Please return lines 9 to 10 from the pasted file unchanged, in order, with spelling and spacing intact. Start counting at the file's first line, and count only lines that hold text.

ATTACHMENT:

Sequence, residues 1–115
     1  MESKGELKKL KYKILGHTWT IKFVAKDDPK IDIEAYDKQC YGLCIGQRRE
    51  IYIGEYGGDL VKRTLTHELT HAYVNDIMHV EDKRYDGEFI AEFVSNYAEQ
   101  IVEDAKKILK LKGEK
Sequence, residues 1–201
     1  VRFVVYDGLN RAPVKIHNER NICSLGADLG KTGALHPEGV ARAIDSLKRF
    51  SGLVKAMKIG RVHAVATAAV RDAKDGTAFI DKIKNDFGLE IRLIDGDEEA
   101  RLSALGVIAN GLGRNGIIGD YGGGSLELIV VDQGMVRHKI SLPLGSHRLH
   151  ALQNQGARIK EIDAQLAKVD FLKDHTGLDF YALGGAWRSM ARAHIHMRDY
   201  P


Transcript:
   151  ALQNQGARIK EIDAQLAKVD FLKDHTGLDF YALGGAWRSM ARAHIHMRDY
   201  P